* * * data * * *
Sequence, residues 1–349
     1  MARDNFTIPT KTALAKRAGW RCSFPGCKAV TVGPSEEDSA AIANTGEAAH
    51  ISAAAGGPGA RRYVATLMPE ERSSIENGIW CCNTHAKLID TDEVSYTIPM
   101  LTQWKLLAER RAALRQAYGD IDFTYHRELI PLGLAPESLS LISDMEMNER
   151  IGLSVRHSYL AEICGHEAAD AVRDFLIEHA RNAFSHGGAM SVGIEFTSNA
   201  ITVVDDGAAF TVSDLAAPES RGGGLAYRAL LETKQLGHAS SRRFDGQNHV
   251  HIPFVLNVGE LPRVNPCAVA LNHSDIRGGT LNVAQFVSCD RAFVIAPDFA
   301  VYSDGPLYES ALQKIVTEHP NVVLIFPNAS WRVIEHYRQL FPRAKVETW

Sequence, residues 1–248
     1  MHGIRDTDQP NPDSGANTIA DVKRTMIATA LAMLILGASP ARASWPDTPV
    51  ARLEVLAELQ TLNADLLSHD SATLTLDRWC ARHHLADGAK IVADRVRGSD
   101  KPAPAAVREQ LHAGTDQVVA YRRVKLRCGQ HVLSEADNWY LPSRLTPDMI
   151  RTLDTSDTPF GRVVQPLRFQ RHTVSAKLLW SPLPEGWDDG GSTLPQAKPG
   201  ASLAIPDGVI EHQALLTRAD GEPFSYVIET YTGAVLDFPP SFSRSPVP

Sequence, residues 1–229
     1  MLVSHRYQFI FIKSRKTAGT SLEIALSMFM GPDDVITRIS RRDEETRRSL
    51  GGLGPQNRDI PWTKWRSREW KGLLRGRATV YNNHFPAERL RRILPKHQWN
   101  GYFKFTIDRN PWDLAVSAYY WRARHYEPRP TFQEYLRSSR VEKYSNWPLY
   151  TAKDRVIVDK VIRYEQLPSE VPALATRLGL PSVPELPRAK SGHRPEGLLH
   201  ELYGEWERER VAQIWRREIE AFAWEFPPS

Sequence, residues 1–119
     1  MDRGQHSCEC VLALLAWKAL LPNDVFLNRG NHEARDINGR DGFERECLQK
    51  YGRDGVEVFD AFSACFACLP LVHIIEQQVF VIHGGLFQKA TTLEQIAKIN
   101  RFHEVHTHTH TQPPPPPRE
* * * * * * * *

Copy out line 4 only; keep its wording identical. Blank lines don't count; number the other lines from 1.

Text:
   101  LTQWKLLAER RAALRQAYGD IDFTYHRELI PLGLAPESLS LISDMEMNER